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Stuart Wallis, Mark Georgeson; What is binocular fusion? Multiplicative combination of luminance gradients via the geometric mean. Journal of Vision 2012;12(9):47. doi: https://doi.org/10.1167/12.9.47.
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© ARVO (1962-2015); The Authors (2016-present)
When images in the two eyes are sufficiently similar, they are ‘fused’. Fusion has motor (vergence) and sensory components. When vergence is prevented, sensory ‘fusion’ of disparate images still occurs, but the nature of this fusion has received curiously little attention. Summation of signals from the two eyes is fairly well understood, and seems the obvious basis for fusion. But summation of disparate edges should cause the fused edge to appear more blurred. We tested this by studying the perceived blur of single edges with vertical disparities that spanned fusion and diplopia. Single, horizontal, Gaussian-blurred edges (blur, B=1.6 to 40 minarc) were presented to each eye at various disparities (0 to 4B), or were added together in the same eye (monoptic control). Perceived blur was measured by blur-matching, using a 2-interval forced-choice method. In monoptic conditions, matched blur increased with disparity in the fusional range (0 to 2B) as expected. But, surprisingly, when the two edges were in different eyes (dichoptic), matched blur remained almost constant, and did not increase with disparity. This shows that fusion preserves the sharpness or blur of each eye’s image, and that fusion cannot easily be explained by summation or arithmetic averaging of spatial signals across the eyes. We show that fusion of this kind occurs if (a) each monocular signal is the spatial derivative (gradient profile) of the input edge, and (b) binocular combination is the contrast-weighted geometric mean of these signals. This achieves positional averaging (‘allelotropia’) without blurring or smearing the edge information.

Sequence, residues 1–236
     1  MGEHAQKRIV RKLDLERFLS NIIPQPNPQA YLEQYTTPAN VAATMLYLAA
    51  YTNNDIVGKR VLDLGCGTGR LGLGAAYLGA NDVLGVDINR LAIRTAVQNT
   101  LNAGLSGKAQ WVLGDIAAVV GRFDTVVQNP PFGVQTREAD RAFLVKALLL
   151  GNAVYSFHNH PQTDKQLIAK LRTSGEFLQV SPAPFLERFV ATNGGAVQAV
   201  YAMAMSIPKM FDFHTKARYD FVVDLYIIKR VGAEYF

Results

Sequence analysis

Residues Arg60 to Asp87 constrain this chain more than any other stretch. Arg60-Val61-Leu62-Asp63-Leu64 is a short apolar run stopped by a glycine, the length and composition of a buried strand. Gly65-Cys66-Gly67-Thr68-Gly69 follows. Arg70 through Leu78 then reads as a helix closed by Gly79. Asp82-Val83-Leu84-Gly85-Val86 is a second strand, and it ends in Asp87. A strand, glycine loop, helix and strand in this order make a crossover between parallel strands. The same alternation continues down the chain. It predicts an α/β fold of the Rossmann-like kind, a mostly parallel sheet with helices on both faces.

Meeting abstract presented at VSS 2012
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